Another command base this time based on a certain film.  The main figure (not Maximus) is from First Corps (General of the Northern Armies) and is a cracking model. As usual the other 2 figures are Foundry.

Close up

More next time.


Fantastic result for Japan in the Rugby World Cup.  What a game!

Friday, 18 September 2015

Friends, Romans, Countrymen...

Following on from my last post I thought I'd post up a few close-ups of some of my Romans.

The vast majority of the figures are the Perry sculpted Wargames Foundry figures.  Although a somewhat vintage range they are still, in my view, one of the best Early Imperial Roman ranges available.  They probably show their age in that they are quite small in stature (closer to 25mm rather than the more modern 28mm) but the animation and sculpting is still top notch.  

I managed to pick up most of my figures over 15 years ago when Foundry still sold them individually and I'm glad I did.  Originally based up for Warhammer Ancient Battles (WAB) my current basing is a mix of 60mm frontage to allow for DBA games, 40mm bases and individuals.  

They now get used for Hail Caesar and of course To The Stongest, where a unit frontage of 120mm works well.  I could do with doing a few more units and will probably just go with a 120mm frontage (Impetus style).

Anyway here's a few shots

Auxiliary archers


Wednesday, 16 September 2015

To the Strongest

I'm a bit of a sucker for rules sets.  Like most wargamers, the search for the perfect ruleset is a little like the search for the holy grail (although probably with slightly less chance of success!).  However, I do like reading rules and picking up clever ideas.

Recently I'd picked up on a new set of ancient rules by Simon Miller called "To the Strongest" which seemed to have a different approach (no dice!).  The initial reviews I'd read were positive however, and I was intrigued.  So with the rules available for download for under a tenner it seemed rude not to take a look.  

As noted above, TTS are a little different.  To be fair, as they use neither dice or tape measures it has been joked that they aren't really wargames rules at all!  Tape measures are replaced by a grid on the table and dice are replaced by playing cards.  Both aimed at speeding up a game.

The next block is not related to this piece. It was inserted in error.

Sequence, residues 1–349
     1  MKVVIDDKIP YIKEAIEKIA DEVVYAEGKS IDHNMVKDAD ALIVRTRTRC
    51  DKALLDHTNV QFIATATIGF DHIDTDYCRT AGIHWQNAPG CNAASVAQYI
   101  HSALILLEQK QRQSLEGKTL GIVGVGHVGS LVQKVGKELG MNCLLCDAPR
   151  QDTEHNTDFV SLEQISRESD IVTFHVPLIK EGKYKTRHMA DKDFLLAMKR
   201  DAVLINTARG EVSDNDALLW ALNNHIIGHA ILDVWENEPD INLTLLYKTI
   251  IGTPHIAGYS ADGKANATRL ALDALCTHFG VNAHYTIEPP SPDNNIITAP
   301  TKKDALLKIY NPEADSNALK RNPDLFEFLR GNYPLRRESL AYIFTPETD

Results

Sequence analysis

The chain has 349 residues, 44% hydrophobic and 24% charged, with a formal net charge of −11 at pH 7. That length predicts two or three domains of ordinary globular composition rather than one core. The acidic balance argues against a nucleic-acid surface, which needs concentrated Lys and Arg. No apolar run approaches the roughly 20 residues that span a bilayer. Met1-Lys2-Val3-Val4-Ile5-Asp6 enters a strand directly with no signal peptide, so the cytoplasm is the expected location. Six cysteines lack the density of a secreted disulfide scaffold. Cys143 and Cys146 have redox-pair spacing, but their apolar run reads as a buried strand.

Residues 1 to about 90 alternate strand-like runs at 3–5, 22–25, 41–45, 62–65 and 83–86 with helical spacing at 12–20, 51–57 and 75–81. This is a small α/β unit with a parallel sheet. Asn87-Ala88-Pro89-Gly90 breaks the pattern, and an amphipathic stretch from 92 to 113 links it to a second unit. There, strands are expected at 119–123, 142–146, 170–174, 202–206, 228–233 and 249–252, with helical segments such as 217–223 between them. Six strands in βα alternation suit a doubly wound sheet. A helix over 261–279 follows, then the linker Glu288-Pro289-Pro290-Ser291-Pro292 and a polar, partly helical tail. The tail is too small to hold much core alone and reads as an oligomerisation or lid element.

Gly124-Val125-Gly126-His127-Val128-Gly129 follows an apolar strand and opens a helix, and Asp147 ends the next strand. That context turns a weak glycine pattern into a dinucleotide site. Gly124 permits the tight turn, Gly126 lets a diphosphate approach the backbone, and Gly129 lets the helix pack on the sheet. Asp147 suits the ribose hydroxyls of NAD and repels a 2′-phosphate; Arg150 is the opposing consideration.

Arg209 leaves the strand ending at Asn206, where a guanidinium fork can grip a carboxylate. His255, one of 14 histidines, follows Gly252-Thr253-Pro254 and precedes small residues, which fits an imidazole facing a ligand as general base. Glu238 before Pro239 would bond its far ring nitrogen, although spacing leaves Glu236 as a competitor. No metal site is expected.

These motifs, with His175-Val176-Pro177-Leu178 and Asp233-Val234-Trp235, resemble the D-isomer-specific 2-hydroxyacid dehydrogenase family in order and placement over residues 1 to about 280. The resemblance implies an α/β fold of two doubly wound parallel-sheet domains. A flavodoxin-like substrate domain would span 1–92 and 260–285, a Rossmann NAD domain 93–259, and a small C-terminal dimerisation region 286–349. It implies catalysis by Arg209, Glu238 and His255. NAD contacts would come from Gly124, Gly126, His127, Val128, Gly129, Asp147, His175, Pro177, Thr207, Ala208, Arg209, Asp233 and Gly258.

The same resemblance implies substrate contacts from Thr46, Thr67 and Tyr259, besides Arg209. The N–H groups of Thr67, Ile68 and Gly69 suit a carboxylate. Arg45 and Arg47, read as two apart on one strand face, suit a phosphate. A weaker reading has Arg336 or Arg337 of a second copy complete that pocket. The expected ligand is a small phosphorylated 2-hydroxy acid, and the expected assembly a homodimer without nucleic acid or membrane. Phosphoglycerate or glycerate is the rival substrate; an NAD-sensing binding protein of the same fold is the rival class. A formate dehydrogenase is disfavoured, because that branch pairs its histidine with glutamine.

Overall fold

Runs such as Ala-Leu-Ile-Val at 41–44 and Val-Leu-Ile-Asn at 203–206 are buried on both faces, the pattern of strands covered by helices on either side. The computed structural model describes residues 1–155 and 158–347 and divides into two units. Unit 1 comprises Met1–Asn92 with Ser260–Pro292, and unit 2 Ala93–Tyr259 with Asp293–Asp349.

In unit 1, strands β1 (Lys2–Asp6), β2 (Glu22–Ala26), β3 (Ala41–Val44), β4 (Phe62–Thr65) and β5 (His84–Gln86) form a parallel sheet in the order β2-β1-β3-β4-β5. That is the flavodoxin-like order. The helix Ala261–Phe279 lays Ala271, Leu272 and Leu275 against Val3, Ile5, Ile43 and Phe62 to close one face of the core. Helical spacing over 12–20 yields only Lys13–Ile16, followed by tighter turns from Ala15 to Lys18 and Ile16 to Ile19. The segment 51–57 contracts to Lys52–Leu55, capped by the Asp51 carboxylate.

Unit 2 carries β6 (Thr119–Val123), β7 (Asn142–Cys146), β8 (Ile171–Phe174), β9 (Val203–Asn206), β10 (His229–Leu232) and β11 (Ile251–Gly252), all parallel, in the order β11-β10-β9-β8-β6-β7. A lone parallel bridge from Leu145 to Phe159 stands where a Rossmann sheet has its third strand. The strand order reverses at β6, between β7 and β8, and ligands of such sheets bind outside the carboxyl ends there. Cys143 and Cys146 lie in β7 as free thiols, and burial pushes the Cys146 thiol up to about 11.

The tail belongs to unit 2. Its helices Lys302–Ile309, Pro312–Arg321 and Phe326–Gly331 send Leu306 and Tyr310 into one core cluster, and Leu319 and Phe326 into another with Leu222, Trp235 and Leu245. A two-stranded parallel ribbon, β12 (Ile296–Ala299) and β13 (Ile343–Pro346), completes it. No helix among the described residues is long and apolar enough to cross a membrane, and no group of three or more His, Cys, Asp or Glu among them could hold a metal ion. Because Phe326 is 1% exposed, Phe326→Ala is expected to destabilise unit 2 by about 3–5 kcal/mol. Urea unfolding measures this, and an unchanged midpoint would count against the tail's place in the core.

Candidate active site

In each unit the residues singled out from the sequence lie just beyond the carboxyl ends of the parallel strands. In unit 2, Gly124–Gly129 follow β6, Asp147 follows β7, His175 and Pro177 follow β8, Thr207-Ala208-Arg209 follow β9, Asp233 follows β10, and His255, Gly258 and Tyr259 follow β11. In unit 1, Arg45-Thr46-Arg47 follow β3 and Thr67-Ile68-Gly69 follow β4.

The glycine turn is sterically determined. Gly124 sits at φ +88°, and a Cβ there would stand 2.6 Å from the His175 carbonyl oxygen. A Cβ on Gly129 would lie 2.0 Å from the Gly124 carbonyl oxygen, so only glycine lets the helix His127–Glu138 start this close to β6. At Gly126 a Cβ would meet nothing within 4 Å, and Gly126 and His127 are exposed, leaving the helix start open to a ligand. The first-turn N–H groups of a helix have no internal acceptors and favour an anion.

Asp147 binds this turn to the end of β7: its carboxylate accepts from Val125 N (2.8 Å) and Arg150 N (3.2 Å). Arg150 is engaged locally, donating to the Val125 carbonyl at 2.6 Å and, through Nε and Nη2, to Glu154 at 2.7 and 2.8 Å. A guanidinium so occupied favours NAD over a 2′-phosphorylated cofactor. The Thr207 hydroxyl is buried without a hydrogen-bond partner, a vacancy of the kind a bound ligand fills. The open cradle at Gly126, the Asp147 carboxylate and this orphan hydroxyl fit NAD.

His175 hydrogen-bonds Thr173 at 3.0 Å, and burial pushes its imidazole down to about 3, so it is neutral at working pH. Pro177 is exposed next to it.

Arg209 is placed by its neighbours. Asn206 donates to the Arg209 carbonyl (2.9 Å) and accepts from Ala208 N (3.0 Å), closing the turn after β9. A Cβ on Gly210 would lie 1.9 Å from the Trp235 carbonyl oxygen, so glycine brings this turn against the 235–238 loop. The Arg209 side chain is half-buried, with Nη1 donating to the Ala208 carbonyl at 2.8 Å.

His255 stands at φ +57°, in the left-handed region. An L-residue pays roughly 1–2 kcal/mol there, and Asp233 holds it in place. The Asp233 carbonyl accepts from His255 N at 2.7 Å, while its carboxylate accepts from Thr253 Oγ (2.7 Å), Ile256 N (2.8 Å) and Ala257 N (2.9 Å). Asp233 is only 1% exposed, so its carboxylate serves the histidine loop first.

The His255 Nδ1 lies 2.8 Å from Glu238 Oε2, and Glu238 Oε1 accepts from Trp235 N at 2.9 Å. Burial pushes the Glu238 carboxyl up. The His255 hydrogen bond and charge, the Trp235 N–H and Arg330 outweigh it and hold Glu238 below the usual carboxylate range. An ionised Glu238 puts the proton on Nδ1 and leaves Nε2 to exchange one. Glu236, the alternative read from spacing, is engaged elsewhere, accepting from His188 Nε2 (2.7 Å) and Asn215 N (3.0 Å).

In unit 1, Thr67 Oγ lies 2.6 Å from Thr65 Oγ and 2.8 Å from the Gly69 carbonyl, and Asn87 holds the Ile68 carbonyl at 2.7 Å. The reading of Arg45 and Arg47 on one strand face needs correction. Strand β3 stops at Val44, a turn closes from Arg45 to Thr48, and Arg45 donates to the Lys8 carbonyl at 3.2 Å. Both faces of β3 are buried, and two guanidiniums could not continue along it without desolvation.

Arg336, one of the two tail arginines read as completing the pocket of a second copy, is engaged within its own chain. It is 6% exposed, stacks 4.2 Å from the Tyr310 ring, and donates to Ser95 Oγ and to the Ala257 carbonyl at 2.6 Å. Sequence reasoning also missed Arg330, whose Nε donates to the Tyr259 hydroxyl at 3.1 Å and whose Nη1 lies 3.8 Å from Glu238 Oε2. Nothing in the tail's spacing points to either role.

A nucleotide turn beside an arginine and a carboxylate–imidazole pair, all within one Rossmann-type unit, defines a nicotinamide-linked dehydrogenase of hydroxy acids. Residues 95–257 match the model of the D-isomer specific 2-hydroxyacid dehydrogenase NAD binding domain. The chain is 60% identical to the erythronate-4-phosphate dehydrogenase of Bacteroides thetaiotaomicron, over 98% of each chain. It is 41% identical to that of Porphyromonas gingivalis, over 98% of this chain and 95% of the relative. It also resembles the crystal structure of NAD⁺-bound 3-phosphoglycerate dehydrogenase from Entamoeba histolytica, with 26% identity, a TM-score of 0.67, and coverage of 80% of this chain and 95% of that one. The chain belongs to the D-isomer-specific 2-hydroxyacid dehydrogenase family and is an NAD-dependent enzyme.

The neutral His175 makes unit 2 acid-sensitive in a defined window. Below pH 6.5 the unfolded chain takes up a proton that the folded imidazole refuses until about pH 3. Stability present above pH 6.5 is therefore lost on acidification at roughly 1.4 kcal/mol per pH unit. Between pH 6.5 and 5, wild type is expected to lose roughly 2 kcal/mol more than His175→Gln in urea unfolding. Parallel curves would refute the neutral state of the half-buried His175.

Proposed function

I laid out a quick grid on my table using little bits of ground cover material, roughed out 2 armies from my Roman and Ancient Briton figures and set to it.

Table set to go with the grid marked.

Roman battle line.

Britons defending the village

Battle commenced with the Romans advancing and cavalry clashing with chariots on the left.

Overall I liked the rules.  Playing solo it took a little time (as always) to get my head round the rules but the basic concepts are dead easy.  In addition combat is quick to resolve but does seem to ebb and flow in a realistic way.

The Romans won the first game, but I realised I hadn't counted the warband units as "deep" which while making them less manoeuvrable does give them more staying power.

The second game saw fortunes reversed.  This time the Britons managed to break through on the right.  This did highlight one of the strengths of the rules which is the need to hold a reserve.  Units are far less manoeuvrable than most ancient rule sets.  Once your battle line is breached it is very difficult to react quickly withou fresh reserve units.

Overall I like them.  They do give a quick game and are, I think, ideally suited to multi-player games.

I definitely want to play more and introduce them to the Club.  With the multi-player aspect and quick play I think these would be ideal for a club nights.

Tuesday, 15 September 2015

Men in Black

Until I get organised I'll be posting up some of my painted work somewhat randomly.

Many years ago I discovered the Future Wars range sculpted by Mark Copplestone through Copplestone miniatures.  I'm a huge fan of all Mark's figures.  They have real character but are sculpted in a way that makes them really painter friendly.  I only wish he would do more!

Anyway this is a group of corporate heavies, sharp suits and lots of firepower.

Monday, 14 September 2015

Starting....At the Beginning

So here I am, taking my first tentative steps into the blogging universe!

I'll use this as an opprtunity to talk about my hobby, painting and gaming with miniatures.

To get started here's a picture of a recent game, set in the Wild West featuring some of my scratch built buildings alongside a couple of commercial ones.

And here's a Chinese bandit.  Not quite a typical gunfighter but that's another story!

That's all for now.